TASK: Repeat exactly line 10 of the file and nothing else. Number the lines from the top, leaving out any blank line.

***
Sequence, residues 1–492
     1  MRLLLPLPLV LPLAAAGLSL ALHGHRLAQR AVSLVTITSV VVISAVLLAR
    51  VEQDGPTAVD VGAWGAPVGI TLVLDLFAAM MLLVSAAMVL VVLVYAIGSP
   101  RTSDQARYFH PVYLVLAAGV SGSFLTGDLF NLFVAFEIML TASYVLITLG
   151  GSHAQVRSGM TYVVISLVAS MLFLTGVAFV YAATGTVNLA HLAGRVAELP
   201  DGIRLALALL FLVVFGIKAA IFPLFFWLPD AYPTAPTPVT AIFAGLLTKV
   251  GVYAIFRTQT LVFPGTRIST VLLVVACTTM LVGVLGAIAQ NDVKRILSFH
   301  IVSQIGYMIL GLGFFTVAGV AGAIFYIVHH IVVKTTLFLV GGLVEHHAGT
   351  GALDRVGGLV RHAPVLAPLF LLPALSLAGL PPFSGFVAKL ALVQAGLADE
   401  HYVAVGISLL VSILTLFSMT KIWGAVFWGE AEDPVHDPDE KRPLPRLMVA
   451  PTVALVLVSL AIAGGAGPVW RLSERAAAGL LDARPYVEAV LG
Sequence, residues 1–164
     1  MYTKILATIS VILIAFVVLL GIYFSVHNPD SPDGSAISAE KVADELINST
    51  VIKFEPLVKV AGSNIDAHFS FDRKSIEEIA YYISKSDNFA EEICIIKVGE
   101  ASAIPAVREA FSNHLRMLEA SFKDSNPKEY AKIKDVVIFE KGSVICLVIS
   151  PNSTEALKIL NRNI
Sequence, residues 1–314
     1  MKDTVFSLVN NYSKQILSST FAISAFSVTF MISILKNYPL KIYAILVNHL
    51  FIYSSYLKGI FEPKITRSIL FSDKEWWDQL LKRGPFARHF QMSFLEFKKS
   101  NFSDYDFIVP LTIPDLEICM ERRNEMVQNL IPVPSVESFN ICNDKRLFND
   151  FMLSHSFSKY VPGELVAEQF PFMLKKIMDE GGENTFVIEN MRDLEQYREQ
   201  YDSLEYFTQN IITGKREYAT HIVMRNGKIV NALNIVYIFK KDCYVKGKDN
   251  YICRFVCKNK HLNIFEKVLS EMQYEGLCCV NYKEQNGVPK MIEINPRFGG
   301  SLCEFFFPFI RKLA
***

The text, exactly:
   401  HYVAVGISLL VSILTLFSMT KIWGAVFWGE AEDPVHDPDE KRPLPRLMVA